Dennis Mahar, Manager, Environment and Natural Resources Group, WBI, explained WBI’s involvement in training and capacity building, highlighting its consultation with local populations on projects. He noted that WBI is just beginning work in the area of CSM, and thus the Workshop’s findings would be valuable in guiding its future work.

Arlene Fleming, Cultural Resource Specialist, World Bank, emphasized the timeliness and importance of CSM in this first wave of the Bank’s culture and development projects. In response to numerous requests for Bank assistance with CSM, the Workshop was conceived to bring together CSM experts, staff involved in CSM planning from client countries, and Bank personnel working on cultural heritage projects to ascertain how to create the most successful project components in site management.

She outlined the objectives of the Workshop and explained the four topics to be considered: natural and cultural attributes of sites, which includes environment, land use and zoning, and conservation; the site locale, which includes community participation, security and infrastructure; authority structure and financial support, which includes ownership/regulation/incentives, managerial authority structure and financial support; and usage of sites, which includes tourism, interpretation and education.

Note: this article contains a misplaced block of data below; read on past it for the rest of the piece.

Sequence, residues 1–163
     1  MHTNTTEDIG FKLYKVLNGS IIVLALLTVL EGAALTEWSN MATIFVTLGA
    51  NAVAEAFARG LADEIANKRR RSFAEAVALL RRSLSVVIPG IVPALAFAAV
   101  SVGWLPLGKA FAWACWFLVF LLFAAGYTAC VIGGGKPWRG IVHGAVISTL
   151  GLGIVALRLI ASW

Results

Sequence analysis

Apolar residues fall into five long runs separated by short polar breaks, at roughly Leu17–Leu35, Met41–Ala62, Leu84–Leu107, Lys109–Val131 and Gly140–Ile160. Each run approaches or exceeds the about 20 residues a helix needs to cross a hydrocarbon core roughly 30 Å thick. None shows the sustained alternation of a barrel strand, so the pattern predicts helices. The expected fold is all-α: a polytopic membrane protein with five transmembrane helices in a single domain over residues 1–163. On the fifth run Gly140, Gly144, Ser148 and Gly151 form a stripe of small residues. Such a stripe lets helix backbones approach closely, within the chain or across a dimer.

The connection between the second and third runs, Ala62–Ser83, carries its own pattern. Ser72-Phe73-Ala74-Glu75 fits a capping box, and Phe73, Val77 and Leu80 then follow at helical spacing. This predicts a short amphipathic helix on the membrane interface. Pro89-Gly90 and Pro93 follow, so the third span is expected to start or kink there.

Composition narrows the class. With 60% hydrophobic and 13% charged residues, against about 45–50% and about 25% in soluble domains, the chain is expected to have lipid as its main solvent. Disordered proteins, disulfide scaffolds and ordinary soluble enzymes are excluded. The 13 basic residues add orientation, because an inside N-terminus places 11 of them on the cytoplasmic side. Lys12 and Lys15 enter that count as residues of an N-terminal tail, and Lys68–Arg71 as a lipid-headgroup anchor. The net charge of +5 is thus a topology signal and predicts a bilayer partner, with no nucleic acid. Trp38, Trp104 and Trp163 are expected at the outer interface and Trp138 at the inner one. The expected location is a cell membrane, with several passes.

Following these opening remarks, participants convened in small discussion groups to identify issues and questions for consideration by the Workshop, which they then presented to the group as a whole. These addressed, inter alia: the nature of the Bank’s relationship with outside partners and how they can help improve the impact at sites; the uneven geographical distribution of current Bank contributions to cultural heritage management projects; best examples of private-public partnerships; how cultural sites should be managed in conflict situations; the Bank’s progress in developing a methodology for evaluating and costing cultural site assets; and how an effective link can be established between income generated from tourism and site preservation.

In response to questions on the relationship between the Bank and other organizations, Tia Duer said partnerships are critical to the Culture and Sustainable Development Program, with current efforts focusing on networking with relevant groups and developing fledgling partnerships. She explained that current inequalities in regional distribution would soon be resolved now that the Bank’s Board of Directors has endorsed further development of this area. Participants discussed development of a methodology for evaluating and costing cultural site assets, which was acknowledged to be in its infancy.


On Monday afternoon, participants heard presentations on specific cultural heritage sites and discussed natural and cultural attributes of CSM, including environment, land use and zoning, and conservation considerations.